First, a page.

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Ancient Lavas in Shenandoah National Park Near Luray, Virginia


Ancient Lavas in
Near Luray, Virginia

John C. Reed, Jr.

In the Blue Ridge Province of northern Virginia, Maryland, and southern Pennsylvania, Lower Cambrian beds are underlain by a thick sequence of greenstone and interbedded sedimentary rocks known as the Catoctin Formation. An area near Luray, Va., was studied to determine the thickness of the formation, its relationship to overlying and underlying rocks, and the original nature of the lavas from which the Catoctin greenstone was derived. There the Catoctin Formation lies unconformably on granitic rocks. Its basal sedimentary layer ranges from a few inches to 150 feet in thickness and contains pebbles of underlying basement rocks. The erosion surface beneath the Catoctin is irregular, and in several places, hills as much as 1,000 feet high were buried beneath the Catoctin lavas. No important time break is indicated between the deposition of the Catoctin Formation and the overlying Cambrian sediments.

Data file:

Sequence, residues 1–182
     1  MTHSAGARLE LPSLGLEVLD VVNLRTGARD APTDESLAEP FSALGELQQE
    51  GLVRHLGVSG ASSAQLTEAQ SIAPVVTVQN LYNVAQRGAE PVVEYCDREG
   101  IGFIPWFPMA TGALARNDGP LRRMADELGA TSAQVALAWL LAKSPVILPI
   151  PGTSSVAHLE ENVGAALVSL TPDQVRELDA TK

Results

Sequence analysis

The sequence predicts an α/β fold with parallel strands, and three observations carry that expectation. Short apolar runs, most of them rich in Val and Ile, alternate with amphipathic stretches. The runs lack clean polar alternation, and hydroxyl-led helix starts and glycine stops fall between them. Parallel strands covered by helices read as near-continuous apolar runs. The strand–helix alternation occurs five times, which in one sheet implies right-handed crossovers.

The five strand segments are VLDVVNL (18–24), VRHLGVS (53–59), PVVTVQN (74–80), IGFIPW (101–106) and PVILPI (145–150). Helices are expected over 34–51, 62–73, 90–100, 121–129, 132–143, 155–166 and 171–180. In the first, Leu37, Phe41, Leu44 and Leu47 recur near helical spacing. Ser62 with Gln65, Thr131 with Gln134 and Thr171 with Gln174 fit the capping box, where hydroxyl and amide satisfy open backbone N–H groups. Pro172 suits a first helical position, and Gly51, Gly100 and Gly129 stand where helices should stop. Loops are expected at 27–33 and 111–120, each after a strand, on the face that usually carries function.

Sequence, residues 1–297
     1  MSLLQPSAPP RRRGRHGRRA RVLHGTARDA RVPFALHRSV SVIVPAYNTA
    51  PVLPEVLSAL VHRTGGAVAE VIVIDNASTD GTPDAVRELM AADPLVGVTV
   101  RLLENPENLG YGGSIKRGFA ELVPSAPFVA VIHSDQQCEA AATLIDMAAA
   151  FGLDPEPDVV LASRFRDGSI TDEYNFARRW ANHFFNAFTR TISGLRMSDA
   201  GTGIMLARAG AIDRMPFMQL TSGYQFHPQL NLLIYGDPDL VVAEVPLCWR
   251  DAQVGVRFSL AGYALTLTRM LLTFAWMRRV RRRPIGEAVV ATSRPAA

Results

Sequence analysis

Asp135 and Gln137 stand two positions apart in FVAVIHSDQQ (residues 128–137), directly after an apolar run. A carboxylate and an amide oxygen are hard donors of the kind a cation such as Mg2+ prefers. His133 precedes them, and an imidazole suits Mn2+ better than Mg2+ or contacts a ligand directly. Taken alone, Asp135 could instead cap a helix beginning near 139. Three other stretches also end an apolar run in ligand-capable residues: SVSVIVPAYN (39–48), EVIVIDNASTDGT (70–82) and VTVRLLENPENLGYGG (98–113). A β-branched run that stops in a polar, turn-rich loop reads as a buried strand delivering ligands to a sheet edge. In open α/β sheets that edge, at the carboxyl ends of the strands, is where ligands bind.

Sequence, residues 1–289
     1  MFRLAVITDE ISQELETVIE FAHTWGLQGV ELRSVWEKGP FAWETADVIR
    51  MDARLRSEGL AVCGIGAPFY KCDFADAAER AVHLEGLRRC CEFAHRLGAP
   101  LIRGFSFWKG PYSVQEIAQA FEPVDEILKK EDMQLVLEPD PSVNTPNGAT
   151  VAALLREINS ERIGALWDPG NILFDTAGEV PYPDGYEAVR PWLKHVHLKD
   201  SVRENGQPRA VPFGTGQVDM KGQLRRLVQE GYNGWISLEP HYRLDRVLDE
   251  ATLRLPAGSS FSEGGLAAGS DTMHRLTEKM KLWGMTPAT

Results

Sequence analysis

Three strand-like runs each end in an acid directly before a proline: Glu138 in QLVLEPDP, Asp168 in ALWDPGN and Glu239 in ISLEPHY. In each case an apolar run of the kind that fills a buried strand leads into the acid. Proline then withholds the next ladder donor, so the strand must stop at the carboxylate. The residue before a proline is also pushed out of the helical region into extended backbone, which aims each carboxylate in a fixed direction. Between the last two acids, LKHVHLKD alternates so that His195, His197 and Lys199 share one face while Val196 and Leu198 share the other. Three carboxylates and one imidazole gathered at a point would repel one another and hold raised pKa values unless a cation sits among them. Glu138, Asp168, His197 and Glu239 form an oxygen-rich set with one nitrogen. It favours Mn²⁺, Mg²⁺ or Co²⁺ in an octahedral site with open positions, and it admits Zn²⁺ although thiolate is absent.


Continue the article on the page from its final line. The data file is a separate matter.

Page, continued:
The original Catoctin lavas were basaltic and were probably normal plateau basalts. Columnar joints, amygdules, sedimentary dikes, flow breccias low-dipping primary joints, and other primary structures are well preserved.

The summit profile of Stony Man (alt. 4,010 ft.) on the crest of the Blue Ridge and the Little Stony Man Cliffs (left) are outcrops of ancient lava flows of the Catoctin Formation described in this report.

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Last Updated: 28-Jan-2007